So here’s the Tale of Pellinore.  This ought to be good.  Follow along and try to figure out whether Pellinore is a Goofus like Gawaine or a Gallant like Tor.

He mounts up and rides after the mysterious lady and the mysterious knight who abducted her, and out in the woods he stumbles across a couple in trouble.  There’s a knight, all bloody and unconscious, and a damosel, waving and shouting and trying to flag down passing motorists.  Pellinore slows down and says howdy.

“Pellinore!  King Pellinore!  For Christ’s sake, help me out here!” cries the damosel.  Apparently she and Pellinore know one another?

“No,” says Pellinore.  “Questing.  Back later.”  He rides off before the conversation can continue.

“Why that lousy horse-stealing Griftlet-jousting son of a…” the damosel shakes her fist at his back.  “God,” she prays, “let Pellinore be in need just as I have been in need just now and him ignoring me like a big ol’ jackass.”

Then, just for good measure, the knight dies of his wounds and the damosel takes his sword and chops her own head off.  “That’ll show Pellinore” may or may not have been her last words.


If I could give one piece of advice to anyone going to Arthurian times, it would be, don’t be a damosel.  Also, this is how Malory does foreshadowing.


Anyway, Pellinore rides on and in the next valley over he meets a serf.

“Ho, knight,” says the serf.

“Ho yourself,” says Pellinore.  “I’m looking for a man and a woman, you seen them?”

“Oh, you bet,” says the serf. “I know just who you’re talking about, you couldn’t be clearer.  The knight was on a horse and the lady was shouting for somebody, anybody, to get the knight to release her.”

“Great,” says Pellinore.  “Which way did they go?”

“Funny story,” says the serf.  “They’re jousting over there at the jousting field.  Well, the knight is.  The lady’s cousin showed up and tried to claim her.”

“Free her, you mean?”

“No, no, claim her like she was lost luggage.  Anyway, the knight who had her didn’t think real well of that, so, long story short, they’re jousting right now.”

“And the lady?”

“Each knight has a squire watching over her in that pavilion over yonder,” says the serf, and points.

“You’ve been very helpful, serf,” says Pellinore.  “So I won’t slice any of your limbs off.”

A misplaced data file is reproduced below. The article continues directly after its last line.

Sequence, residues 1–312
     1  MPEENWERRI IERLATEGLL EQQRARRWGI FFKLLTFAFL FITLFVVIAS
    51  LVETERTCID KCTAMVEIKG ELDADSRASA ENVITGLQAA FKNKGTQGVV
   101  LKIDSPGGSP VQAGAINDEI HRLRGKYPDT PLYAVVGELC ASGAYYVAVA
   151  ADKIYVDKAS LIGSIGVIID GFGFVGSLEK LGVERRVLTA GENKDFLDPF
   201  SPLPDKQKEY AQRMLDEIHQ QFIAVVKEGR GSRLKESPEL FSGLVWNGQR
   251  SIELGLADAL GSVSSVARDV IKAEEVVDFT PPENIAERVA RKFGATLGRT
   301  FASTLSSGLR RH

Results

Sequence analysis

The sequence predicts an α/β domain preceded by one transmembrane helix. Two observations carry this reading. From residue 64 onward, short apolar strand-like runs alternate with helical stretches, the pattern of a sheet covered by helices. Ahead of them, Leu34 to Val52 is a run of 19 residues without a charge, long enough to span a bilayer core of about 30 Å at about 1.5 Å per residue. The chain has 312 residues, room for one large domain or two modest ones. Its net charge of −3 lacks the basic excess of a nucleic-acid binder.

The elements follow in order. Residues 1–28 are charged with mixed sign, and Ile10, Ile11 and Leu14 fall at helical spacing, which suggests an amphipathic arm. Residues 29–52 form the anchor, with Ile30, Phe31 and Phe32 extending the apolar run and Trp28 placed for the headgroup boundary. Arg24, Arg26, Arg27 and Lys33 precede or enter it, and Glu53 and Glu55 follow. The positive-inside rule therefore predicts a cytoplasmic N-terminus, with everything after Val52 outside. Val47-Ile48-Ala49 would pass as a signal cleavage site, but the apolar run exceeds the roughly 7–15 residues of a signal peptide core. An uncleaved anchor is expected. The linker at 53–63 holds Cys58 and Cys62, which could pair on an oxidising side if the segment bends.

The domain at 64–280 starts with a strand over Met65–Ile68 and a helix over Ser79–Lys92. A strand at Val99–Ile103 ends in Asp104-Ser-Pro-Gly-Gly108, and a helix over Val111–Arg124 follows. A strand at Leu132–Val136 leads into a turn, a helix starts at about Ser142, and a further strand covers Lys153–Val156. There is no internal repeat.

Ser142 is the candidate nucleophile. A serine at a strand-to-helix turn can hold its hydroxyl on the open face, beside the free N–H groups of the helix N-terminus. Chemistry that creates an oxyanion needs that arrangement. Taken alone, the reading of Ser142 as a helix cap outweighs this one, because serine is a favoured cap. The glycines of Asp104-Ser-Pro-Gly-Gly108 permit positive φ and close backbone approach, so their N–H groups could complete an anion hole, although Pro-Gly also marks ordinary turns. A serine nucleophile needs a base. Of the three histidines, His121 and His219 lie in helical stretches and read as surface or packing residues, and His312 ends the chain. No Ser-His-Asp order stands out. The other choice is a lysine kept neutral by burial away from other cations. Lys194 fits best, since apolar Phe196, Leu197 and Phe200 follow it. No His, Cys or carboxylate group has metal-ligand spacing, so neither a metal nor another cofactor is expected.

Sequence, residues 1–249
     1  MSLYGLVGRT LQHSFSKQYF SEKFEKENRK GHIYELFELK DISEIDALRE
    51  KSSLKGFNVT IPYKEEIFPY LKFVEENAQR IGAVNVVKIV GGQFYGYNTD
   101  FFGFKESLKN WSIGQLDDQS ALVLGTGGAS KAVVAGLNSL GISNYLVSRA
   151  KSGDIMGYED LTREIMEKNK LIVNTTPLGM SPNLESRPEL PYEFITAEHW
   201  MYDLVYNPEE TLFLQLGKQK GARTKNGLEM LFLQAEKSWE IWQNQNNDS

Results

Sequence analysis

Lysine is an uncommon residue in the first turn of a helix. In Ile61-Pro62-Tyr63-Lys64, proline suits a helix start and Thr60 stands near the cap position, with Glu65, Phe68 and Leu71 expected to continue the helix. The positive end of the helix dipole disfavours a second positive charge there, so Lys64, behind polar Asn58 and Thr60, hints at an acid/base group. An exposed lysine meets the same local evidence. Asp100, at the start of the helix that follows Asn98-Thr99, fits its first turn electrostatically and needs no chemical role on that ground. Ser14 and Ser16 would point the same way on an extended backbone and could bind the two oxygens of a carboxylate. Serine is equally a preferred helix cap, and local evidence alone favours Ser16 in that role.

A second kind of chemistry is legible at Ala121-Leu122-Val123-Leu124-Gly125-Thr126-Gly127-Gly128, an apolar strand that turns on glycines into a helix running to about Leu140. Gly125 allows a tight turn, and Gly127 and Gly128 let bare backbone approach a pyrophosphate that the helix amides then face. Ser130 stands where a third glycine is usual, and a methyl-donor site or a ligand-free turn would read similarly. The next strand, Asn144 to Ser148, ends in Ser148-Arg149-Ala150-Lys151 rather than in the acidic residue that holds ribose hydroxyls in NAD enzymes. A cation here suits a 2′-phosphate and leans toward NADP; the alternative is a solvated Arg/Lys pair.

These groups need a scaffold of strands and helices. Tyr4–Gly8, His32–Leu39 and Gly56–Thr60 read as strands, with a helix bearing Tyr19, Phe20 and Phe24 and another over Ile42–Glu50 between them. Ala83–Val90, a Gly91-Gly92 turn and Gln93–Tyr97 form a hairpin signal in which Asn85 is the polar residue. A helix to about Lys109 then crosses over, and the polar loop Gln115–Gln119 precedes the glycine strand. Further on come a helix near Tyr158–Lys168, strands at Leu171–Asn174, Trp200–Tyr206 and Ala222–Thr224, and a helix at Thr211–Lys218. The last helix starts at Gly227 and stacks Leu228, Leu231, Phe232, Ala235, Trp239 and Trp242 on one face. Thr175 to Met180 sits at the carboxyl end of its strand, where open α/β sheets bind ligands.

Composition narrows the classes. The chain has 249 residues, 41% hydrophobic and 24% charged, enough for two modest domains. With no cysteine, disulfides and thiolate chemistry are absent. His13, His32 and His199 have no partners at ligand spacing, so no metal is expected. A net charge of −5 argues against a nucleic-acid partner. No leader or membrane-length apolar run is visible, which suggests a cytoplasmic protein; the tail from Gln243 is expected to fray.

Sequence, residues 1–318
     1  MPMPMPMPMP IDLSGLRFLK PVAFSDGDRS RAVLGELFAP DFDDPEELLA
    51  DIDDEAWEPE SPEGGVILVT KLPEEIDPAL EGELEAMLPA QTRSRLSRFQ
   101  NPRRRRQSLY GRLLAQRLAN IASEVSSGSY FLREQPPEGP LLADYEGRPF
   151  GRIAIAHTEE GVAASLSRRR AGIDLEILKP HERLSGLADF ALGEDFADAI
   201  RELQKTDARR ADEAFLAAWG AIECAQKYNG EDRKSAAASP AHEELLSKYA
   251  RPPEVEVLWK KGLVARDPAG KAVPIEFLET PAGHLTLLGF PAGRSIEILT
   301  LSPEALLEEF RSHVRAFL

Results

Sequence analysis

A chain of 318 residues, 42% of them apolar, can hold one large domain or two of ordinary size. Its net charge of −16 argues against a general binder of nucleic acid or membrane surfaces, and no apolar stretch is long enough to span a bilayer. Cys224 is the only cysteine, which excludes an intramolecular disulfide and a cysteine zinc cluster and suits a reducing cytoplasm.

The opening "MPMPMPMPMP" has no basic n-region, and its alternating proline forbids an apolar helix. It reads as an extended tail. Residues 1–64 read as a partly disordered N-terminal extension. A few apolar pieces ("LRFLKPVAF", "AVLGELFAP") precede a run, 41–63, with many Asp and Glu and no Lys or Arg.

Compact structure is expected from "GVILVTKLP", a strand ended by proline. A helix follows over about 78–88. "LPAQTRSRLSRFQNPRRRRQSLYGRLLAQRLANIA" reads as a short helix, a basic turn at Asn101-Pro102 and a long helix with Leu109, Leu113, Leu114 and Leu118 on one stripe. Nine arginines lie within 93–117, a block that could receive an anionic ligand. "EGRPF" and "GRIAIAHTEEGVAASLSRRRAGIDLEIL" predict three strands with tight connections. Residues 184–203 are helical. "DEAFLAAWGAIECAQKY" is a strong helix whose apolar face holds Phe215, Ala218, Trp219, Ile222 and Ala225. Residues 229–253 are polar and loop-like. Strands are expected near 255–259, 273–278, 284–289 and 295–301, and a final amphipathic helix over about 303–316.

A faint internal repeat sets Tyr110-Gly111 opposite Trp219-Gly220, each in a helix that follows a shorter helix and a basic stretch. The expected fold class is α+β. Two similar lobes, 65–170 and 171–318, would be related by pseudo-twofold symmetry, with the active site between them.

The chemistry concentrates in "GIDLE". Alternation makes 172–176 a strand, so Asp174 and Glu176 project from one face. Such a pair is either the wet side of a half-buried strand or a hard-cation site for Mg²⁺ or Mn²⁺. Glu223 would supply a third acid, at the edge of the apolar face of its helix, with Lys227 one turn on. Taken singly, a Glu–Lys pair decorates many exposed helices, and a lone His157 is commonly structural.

“Thank thee, sir knight,” says the serf.


Pellinore rides up, finds the pavilion, heads in, and sure enough, there’s a lady tied up with two squires watching her.

“Lady,” says Pellinore.  “I’ve come to bring you back to King Arthur’s Court!”

“You’ve come to free me?”  She looks up at Pellinore on his big horse.

“No,” says Pellinore.  “To retrieve you.”

“Hey now,” say the squires.  “We’re here to prevent that.  You should take it up with our bosses, who are outside jousting.”

“Fine,” says Pellinore, and rides off without saying goodbye.  He doesn’t go very far, though.  In the adjacent jousting field he gets in between the two knights, who have been jousting very slowly.  They’ve just now gotten to the dehorsed phase of the joust.


“Knights!” he cries.  “What are you fighting for?”

“Well I’ll tell you,” says the first knight.  “This jackass here has been holding my father’s sister’s daughter against her will, so I’m fighting him.”

“Pshaw,” says the second knight.  The second knight’s name, I am not making this up, is Sir Hontzlake of Wentland.  “I won her,” says Sir Hontzlake.  “I won her at King Arthur’s wedding reception.  King Arthur gave her to me, for being the best jouster.”

“Bull,” says Pellinore.  “I was there, you just abducted her, plain and simple.  Arthur sent me to bring her back and make you face justice, either by his court or my hand.”

“Yeah, well, so what?” says Sir Hontzlake.

“Anyway I’m taking her back to Camelot,” says Pellinore.  “With any luck I’ll be back in time to get some wedding cake.  So you two stop fighting each other, and either accept that I’m retrieving the lady, or else team up and fight me.”

“We’ll do that, then,” say the knights, and get ready to fight Pellinore two-on-one, their prior argument temporarily shelved in the face of this interloper.

“Hold on, hold on,” says Pellinore.  “Let me get off my horse.”

He starts to dismount, but Sir Hontzlake, jerk that he is, jumps the gun and stabs Pellinore’s horse in the side.

“What the hell?!” Pellinore is mightily pissed by this.  “This is a good horse!  I stole this horse from Arthur way back in Book I!”

“Hah!” cries Sir Hontzlake.  “Now you don’t have a horse at all!  What’re you going to do about it, huh?”

Pellinore pulls out his sword and smites Sir Hontzlake of Wentland in the head, so hard that his skull cracks open and the sword goes down into the head as far as the chin.

“I’ll do that,” he tells Sir Hontzlake’s corpse.


Primary Sources: Le Morte D’Arthur, Book III Chapter XII — 1 Comment

  1. I think, at the end of each chapter, you should have a “vote for the craziest name” contest. Hontzlake is certainly in the running!

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